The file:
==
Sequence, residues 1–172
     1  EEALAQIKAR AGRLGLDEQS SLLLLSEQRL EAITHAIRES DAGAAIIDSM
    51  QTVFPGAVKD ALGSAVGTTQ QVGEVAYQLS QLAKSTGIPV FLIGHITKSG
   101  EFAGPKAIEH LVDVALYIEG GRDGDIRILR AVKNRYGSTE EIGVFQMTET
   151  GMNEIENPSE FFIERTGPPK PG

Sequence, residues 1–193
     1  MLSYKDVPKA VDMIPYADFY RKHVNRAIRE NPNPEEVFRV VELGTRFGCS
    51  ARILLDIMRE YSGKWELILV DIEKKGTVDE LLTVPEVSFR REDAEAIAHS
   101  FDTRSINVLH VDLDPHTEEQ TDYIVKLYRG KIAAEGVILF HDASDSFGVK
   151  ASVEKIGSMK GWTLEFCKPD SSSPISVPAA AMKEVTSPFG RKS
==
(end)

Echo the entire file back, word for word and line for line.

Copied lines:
Sequence, residues 1–172
     1  EEALAQIKAR AGRLGLDEQS SLLLLSEQRL EAITHAIRES DAGAAIIDSM
    51  QTVFPGAVKD ALGSAVGTTQ QVGEVAYQLS QLAKSTGIPV FLIGHITKSG
   101  EFAGPKAIEH LVDVALYIEG GRDGDIRILR AVKNRYGSTE EIGVFQMTET
   151  GMNEIENPSE FFIERTGPPK PG

Sequence, residues 1–193
     1  MLSYKDVPKA VDMIPYADFY RKHVNRAIRE NPNPEEVFRV VELGTRFGCS
    51  ARILLDIMRE YSGKWELILV DIEKKGTVDE LLTVPEVSFR REDAEAIAHS
   101  FDTRSINVLH VDLDPHTEEQ TDYIVKLYRG KIAAEGVILF HDASDSFGVK
   151  ASVEKIGSMK GWTLEFCKPD SSSPISVPAA AMKEVTSPFG RKS